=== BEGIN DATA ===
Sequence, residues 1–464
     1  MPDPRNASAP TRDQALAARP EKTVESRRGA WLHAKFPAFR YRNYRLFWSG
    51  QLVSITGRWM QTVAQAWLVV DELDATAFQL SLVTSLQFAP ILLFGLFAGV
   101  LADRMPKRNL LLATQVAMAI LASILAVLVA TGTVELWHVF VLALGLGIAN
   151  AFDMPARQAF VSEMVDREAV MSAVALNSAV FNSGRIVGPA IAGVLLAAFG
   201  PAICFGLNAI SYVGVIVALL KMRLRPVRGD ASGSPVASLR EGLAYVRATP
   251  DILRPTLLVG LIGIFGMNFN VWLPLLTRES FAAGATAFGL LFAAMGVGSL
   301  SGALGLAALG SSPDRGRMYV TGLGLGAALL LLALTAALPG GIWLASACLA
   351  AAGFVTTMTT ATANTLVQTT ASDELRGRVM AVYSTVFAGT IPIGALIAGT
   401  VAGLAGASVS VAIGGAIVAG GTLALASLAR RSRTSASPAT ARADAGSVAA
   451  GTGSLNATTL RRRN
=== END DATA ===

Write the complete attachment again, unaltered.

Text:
Sequence, residues 1–464
     1  MPDPRNASAP TRDQALAARP EKTVESRRGA WLHAKFPAFR YRNYRLFWSG
    51  QLVSITGRWM QTVAQAWLVV DELDATAFQL SLVTSLQFAP ILLFGLFAGV
   101  LADRMPKRNL LLATQVAMAI LASILAVLVA TGTVELWHVF VLALGLGIAN
   151  AFDMPARQAF VSEMVDREAV MSAVALNSAV FNSGRIVGPA IAGVLLAAFG
   201  PAICFGLNAI SYVGVIVALL KMRLRPVRGD ASGSPVASLR EGLAYVRATP
   251  DILRPTLLVG LIGIFGMNFN VWLPLLTRES FAAGATAFGL LFAAMGVGSL
   301  SGALGLAALG SSPDRGRMYV TGLGLGAALL LLALTAALPG GIWLASACLA
   351  AAGFVTTMTT ATANTLVQTT ASDELRGRVM AVYSTVFAGT IPIGALIAGT
   401  VAGLAGASVS VAIGGAIVAG GTLALASLAR RSRTSASPAT ARADAGSVAA
   451  GTGSLNATTL RRRN